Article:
Do you and your family do enough to learn about the world…?

My name is Jay Sand and I’m dad of three very active girls (now 10, 7 and 5). Eons ago, in my life before the family  (I’m told it existed. Photographic evidence is convincing) — I was also very active, a world traveler, the kind who would hop on a plane (or train, or boat, or, depending on where I was in the world, a donkey/elephant/camel) on a moment’s notice and disappear into some distant part of the globe for as many months as I could. Sometimes I was “working” — doing research for a freelance article or some convoluted project — but mainly I was just exploring, always wanting to know what excitement would greet me down the road, around the bend or in the next town. The tools of my trade? A backpack, a camera, a guitar. Insufficient elementary school Spanish. Inept elementary school French. A smile. Every so often, luck.

Out in the world like that I was so glad to know how to sing a few songs. I made many friends with my guitar. Everywhere I went people whose spoken language befuddled me would hear me singing and, in whatever English they could muster, implore me to, “Play American music! Play the Beatles! Bob Marley!” (I know, I know. I didn’t correct them).  After singing to my new friends for a while, ultimately I’d encourage them to sing songs that were important to them. Very quickly we would transition from singing to each other to singing with each other.

Even with these experiences, I didn’t automatically find global music; I didn’t really begin to explore the musical world until I was in my twenties. When my first-in-line daughter was three years old I realized she was as curious about the different songs people around the world sang to express themselves as I was. Together we invented what we came to call “The Map Game.” Every so often we would take out big map of the world and she would point randomly to a country. Then I would take to the trusty computer, do a quick Wikipedia search on the most popular musicians from that country, switch to YouTube and plug in some names in the search bar, adding “+live.” We’d then watch live performances of musicians from that country until we ran out of favorites, or felt inspired to move on, or just quit and wanted a snack.

Not an earth-shattering, life-altering thing to try.  Nothing autocratic or didactic. Whether or not this one game in and of itself had any real lasting effect on my daughter, I don’t know — do we ever?  But for me, it mattered.  Playing “The Map Game” inspired me to learn more than just American music, and quickly I realized I wanted to share it with my daughters and their friends. When I saw how much they enjoyed singling so many different songs, and how little they worried that the words weren’t in English, that the melodies were different and the rhythms often not what they were were used to, I dove in deep and developed a music program for little kids and their families called All Around This World. Today All Around This World’s global music and world cultures curriculum for infants through elementary school children consists of over three hundred songs from a hundred different countries. I’ve since taught over a thousand parent/child classes, developed global music and world cultures kits for elementary schools, and am about to launch an online global learning curriculum for families and schools everywhere — especially homeschooling families and self-directed learners of all-ages! — called “Explore Everywhere.” I’m launching the program with a pledge campaign, which started May 1st and ideally will ending with success on June 21st, in time for International Make Your Own Instrument Day, with the goal of inspiring 1000 families to pledge just $25 each to enable me to give year-long subscriptions to Explore Everywhere to 1000 School Classrooms or Homeschooling Groups worldwide.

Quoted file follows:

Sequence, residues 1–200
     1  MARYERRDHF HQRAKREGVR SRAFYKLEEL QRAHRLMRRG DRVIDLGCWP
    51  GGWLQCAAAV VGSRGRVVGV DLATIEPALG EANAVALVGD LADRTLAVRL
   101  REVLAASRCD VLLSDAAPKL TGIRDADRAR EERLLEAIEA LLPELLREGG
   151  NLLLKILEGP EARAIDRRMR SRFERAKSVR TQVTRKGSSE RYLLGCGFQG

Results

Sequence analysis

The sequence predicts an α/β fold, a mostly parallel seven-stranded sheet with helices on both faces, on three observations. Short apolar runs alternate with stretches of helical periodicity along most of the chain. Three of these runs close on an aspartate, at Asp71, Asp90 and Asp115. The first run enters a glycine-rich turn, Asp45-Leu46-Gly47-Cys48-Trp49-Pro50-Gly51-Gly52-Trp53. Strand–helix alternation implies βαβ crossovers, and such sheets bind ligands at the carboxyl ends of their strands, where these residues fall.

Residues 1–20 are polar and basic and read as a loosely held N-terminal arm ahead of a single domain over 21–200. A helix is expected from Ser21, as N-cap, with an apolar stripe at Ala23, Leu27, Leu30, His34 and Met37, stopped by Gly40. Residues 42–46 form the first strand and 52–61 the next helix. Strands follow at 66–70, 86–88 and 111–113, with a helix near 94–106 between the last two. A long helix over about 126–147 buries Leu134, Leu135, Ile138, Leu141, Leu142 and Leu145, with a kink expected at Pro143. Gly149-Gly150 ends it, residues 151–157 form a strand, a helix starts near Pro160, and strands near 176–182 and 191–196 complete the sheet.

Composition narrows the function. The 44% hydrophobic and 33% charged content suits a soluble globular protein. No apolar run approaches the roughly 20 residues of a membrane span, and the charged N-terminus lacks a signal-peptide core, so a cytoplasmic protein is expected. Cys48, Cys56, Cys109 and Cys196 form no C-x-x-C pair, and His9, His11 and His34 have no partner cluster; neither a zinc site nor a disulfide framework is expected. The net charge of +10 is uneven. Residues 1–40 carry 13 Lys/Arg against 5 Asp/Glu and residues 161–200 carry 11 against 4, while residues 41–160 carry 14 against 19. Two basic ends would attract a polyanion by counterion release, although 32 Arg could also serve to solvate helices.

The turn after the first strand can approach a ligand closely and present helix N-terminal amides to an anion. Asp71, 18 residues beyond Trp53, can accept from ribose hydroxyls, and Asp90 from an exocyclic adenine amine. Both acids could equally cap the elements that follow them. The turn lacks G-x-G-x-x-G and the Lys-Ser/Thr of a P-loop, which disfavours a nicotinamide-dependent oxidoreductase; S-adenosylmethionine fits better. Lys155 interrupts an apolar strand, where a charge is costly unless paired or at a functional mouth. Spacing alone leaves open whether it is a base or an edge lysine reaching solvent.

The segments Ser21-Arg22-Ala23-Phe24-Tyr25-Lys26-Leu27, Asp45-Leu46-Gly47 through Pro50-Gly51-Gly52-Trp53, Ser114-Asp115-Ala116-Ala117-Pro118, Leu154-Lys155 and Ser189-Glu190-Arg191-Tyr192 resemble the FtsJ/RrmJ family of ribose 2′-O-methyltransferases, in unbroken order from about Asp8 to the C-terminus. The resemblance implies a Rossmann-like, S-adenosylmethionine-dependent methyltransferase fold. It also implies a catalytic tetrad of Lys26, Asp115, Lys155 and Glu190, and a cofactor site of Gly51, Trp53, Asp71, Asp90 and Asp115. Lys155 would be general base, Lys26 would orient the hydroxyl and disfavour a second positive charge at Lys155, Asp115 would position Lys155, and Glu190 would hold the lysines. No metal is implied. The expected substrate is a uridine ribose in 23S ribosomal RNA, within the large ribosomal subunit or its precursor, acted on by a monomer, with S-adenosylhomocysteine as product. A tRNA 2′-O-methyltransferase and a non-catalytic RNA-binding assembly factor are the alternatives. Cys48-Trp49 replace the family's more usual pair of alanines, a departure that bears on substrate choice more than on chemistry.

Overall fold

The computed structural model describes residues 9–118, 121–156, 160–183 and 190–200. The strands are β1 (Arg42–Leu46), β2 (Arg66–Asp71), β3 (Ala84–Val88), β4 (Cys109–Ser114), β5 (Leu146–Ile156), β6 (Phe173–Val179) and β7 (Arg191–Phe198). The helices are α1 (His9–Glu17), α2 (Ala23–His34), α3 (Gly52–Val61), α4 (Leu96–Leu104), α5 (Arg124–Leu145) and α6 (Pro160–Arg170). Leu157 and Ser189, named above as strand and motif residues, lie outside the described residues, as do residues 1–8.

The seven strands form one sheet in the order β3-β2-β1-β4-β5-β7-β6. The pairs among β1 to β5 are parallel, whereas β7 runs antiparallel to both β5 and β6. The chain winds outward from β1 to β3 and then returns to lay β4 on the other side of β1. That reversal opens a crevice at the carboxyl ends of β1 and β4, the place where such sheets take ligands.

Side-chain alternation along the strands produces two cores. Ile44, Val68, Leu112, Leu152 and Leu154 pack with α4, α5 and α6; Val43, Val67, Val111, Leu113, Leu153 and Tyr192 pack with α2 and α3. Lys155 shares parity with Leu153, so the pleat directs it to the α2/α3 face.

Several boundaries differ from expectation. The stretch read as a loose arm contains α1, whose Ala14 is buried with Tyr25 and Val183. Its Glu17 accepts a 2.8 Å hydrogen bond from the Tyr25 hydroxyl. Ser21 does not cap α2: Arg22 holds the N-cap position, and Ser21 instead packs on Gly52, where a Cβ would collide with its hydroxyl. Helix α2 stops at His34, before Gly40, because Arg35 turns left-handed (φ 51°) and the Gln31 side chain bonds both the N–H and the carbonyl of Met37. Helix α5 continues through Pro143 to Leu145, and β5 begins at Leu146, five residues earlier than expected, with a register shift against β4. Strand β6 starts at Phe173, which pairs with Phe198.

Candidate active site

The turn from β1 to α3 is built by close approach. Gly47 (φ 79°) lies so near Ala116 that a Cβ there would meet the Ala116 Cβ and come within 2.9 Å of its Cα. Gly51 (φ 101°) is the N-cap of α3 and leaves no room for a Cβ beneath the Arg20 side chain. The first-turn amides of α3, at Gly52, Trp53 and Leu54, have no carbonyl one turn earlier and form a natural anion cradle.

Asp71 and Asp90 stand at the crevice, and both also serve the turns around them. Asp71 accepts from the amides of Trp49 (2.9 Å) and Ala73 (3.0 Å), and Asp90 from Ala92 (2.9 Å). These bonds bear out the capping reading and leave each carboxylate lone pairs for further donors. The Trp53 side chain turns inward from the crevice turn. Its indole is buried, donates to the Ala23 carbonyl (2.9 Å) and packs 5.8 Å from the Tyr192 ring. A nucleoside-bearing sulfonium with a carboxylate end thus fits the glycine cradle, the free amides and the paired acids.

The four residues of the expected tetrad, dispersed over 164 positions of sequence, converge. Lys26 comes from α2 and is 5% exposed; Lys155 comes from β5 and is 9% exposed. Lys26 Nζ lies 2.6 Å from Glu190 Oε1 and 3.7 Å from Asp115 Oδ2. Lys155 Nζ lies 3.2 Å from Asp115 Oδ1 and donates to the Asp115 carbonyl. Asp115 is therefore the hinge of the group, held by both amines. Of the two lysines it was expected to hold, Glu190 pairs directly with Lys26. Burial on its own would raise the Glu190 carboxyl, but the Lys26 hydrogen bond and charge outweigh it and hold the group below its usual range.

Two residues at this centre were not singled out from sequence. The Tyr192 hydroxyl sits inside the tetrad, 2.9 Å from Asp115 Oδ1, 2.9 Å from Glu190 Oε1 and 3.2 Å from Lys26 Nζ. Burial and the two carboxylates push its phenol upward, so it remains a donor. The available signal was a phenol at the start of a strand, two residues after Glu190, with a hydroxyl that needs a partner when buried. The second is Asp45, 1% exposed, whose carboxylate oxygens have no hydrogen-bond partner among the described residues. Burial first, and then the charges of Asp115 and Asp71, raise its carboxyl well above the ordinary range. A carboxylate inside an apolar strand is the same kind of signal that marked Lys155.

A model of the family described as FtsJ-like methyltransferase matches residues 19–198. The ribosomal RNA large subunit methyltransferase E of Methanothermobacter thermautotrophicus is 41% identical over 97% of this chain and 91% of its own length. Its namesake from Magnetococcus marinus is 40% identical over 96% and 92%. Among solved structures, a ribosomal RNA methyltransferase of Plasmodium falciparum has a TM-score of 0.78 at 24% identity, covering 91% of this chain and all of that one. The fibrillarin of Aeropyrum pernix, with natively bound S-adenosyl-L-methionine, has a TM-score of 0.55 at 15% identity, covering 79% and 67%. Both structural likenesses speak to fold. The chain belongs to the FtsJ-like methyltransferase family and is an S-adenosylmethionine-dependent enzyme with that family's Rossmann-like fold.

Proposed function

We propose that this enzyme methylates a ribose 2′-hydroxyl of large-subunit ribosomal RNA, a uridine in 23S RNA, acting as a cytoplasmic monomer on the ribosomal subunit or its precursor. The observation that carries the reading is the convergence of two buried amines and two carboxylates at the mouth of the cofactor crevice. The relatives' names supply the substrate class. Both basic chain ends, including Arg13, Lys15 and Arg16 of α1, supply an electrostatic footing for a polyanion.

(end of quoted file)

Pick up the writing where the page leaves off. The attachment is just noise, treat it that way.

As a traveler, parent and now as educator of many kids, I understand the power of the little steps that ultimately enable us take a long journey. Bringing out the map and pointing to a country, opting to try to cook with spice we never had in the cupboard, checking out a library book that we’ve never read just because it has someone who looks different than us on the cover, listening to a piece of music just because the title “sounds weird…” These are little steps my family and I started taking. For my daughters, I hope the steps lead somewhere fabulously fantastic. For me, the steps turned into a mad dash to help kids meet the world through songs.

All Around This World: A Global Music and World Cultures Experience for Kids and their Families
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Learn about the world through music everyday, wherever you are. Subscribe to Explore Everywhere!

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